Saturday, 4 February 2017

Ficción #1

The bar I was drinking in used to be a hairdressers. I knew this as I recalled having my hair cut here as an infant. And now it was a gentrified bar. An odd thing to have out here in my rural hometown on the outskirts of the city. And an odd venue in which to be drinking on a Monday evening. The place was dimly lit and empty.

Two dark haired men in their early 40s entered. One was bearded and had shrewd, twinkling eyes. The other was impassive and nondescript, calm. They slowly evaluated the empty scene and then took seats at a table close to where I was seated at the bar.
"Espero que estés bien," murmured the latter fellow.
"Tengo depresión severa," replied his companion, grinning in a most disconcerting manner. They suddenly reached over the table to hold one another by the forearms and began screaming in ecstatic horror. I began flecking my tongue rapidly in and out of my mouth in what felt like a gesture of solidarity.

Outside, behind the building the bar was housed in, there was a path which lead through some woodland, illuminated by orange streetlights. There was something perfectly melancholy about this lighting as I walked the path through gentle mist after exiting the bar. It was after midnight on a cool spring evening. I felt inspired and potent, a feeling which is always wont to wane. After walking for a while I was overcome with lethargy and fatigue. I zipped my coat up fully, slowly lowered myself to a prone position on the ground, and rolled under some shrubbery to nap.

I awoke to the white sky of daylight, birds chirping. An elderly couple were walking past with their tall, slender dog. It seemed as elegant and fragile as they did. I felt overwhelmed by a feeling of total love and sympathy for this couple and their pet. It was a tender, tingling feeling and I allowed it to seep through my central nervous system.

Back at my parent's house I let the dog out into the garden. He sniffed around and swished his tail. Ostensibly I was here to babysit him whilst my parents holidayed in Greece for a week. I was beginning to find his neediness wearying.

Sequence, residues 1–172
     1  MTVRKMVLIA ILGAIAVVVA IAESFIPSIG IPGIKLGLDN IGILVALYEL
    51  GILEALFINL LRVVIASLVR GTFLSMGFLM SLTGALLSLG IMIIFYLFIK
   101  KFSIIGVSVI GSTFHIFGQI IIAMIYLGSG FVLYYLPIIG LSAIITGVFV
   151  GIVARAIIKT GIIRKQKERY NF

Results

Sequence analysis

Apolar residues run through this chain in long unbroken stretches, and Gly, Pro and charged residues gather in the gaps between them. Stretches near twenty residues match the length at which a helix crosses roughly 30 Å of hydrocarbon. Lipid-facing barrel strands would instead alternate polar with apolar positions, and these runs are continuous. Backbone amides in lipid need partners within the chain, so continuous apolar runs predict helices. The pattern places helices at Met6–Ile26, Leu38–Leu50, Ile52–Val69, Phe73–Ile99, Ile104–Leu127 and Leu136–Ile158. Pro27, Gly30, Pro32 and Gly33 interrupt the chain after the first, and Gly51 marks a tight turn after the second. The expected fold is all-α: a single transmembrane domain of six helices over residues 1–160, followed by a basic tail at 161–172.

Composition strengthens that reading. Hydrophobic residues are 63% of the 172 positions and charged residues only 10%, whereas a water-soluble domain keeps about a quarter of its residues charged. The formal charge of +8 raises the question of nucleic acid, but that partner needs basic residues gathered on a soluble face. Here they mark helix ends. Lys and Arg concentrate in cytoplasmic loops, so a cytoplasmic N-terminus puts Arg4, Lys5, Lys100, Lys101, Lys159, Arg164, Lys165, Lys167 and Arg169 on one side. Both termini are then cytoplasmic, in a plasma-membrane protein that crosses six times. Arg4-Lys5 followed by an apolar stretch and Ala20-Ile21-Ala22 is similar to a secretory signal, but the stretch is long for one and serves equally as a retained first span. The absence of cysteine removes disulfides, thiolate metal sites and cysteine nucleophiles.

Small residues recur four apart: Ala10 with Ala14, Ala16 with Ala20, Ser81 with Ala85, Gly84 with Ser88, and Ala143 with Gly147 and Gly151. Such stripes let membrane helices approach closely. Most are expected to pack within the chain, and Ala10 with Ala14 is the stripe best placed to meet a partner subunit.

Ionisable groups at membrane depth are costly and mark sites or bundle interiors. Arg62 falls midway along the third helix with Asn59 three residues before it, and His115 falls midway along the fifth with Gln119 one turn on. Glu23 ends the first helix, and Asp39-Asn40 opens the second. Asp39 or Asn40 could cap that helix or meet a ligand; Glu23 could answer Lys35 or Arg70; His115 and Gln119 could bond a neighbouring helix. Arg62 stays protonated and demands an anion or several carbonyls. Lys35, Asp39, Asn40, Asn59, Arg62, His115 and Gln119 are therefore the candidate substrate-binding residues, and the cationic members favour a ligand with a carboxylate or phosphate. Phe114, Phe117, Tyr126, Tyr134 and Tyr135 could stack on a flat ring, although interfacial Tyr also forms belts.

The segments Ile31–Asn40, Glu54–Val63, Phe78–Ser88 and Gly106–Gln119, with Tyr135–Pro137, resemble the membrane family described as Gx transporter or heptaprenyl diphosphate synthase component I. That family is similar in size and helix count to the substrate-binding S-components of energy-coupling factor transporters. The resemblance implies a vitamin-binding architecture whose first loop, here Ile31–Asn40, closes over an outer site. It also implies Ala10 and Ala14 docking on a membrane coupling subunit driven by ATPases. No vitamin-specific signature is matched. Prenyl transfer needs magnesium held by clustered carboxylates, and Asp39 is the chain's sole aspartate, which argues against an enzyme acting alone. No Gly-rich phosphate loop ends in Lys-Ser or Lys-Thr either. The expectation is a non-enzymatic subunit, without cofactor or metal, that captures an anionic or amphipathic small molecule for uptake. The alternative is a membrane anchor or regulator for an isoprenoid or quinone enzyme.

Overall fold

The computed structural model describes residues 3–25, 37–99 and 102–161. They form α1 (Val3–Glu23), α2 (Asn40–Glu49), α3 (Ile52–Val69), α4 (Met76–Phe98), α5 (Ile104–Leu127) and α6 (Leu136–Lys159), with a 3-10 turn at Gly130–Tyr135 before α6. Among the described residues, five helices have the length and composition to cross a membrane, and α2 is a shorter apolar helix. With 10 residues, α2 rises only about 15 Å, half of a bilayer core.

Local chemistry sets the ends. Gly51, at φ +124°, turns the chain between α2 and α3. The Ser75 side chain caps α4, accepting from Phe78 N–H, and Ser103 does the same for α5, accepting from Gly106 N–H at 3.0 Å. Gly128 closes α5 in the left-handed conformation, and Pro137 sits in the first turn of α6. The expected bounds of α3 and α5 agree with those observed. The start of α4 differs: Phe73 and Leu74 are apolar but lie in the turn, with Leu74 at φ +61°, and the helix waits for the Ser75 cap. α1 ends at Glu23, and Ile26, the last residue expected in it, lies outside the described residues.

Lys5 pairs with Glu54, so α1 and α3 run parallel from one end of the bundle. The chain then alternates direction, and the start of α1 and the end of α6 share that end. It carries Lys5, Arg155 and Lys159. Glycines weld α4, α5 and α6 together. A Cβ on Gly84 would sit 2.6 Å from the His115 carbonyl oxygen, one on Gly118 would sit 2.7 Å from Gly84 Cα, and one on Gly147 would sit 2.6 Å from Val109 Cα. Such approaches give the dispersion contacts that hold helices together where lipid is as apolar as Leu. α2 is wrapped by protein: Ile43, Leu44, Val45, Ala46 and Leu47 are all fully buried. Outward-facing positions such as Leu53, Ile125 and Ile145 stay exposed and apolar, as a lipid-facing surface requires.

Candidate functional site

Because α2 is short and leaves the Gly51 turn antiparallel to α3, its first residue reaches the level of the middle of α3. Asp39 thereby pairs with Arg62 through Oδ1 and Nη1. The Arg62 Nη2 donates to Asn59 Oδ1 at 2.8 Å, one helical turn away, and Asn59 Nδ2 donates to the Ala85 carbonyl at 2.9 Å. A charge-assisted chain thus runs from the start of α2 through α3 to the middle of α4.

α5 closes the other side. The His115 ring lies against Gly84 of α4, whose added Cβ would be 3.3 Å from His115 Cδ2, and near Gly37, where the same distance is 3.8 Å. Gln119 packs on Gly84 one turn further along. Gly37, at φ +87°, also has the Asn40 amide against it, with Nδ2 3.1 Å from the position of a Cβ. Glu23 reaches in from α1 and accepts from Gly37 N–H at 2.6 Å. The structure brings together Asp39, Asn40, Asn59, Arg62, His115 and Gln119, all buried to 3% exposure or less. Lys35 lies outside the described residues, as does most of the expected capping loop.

That evening I used my father's black and white laser printer to print out an image of a girl I'd been dating for a couple of months. She'd gradually stopped responding to my increasingly desperate text messages. I placed the printout on my bed, lay beside it, unbuckled my belt, unzipped my jeans, pulled them to my knees, and then began masturbating listlessly over the image, giggling intermittently. After around four minutes I ejaculated on it and then sank back into the mattress, descending into a light snooze.

I awoke at dusk and decided to take the dog out for a walk. The son of a bitch was as eager as ever. He dashed on ahead of me, sniffing around and swishing his tail. We encountered a judge who lived locally, out walking his dog. My parent's dog attempted to mount his, much to his chagrin which he expressed loudly. I giggled nervously in response and managed to apprehend and lead my dog away. Once we were out of sight of the judge I admonished the animal and then later felt bad about it.

Back at the house I poured myself an enormous tumbler of vodka and orange juice and put on Wayne's World (1992) on DVD. My parents owned an agreeably large TV screen. I dimmed the lights and then the dog and I settled on the sofa. I reflected on how this film always made me think of 90s American indie rock. The older I became the more life seemed increasingly incomprehensible. Not necessarily in a bad way either.

By the time the film was finished I was attending to my third enormous tumbler of vodka orange. Warm feelings of elation and goodwill flowed through me. I watched a documentary on TV about the Grateful Dead whilst enjoying two more tumblers.

I awoke on the sofa. The sky was white. Birds were chirping. I took the dog out and immediately encountered the two Spanish chaps I'd observed at the bar a couple of evenings prior. In spite of the fact that it was before 11am they both seemed to be drunk. They were cavorting around in a manner that could be described as both frivolous and disconcerting. I grinned nervously. They greeted me with ornate bows replete with hand flourishes. I responded in kind. The dog barked and became animated, perplexed by this behaviour. We began dancing, the three of us, locking arms and spinning one another around in an improvised jaunty jig. The dog swished his tail and bared his teeth, his eyes gleaming, his tongue lolling. We clapped our hands and shook our asses. A bald, bespectacled man in a puffy jacket stood nearby, tapping at his phone whilst smoking a cigarette. He'd occasionally look up to observe us with complete nonchalance, as if he didn't possess any sense of how preposterous this spectacle was.

Memories came flooding through me. I remembered stifling a sob at my aunt's funeral. I remembered mutual masturbation with a school friend during adolescence. I remembered a drowsy afternoon during summer at my high school music class. I remembered the swimming pool at high school, the sound of echoed shouts and splashing water. I remembered orange light reflected in a shallow rain puddle in the school playground. I remembered days of snow. I remembered a bird-watching expedition with my grandparents. I remembered a trip to the zoo with my grandparents.

Things just go away. They go away and don't come back. Good things, bad things. They're gone and that's it, they don't hurt you or heal you anymore or whatever it is they did, if they even did anything at all.

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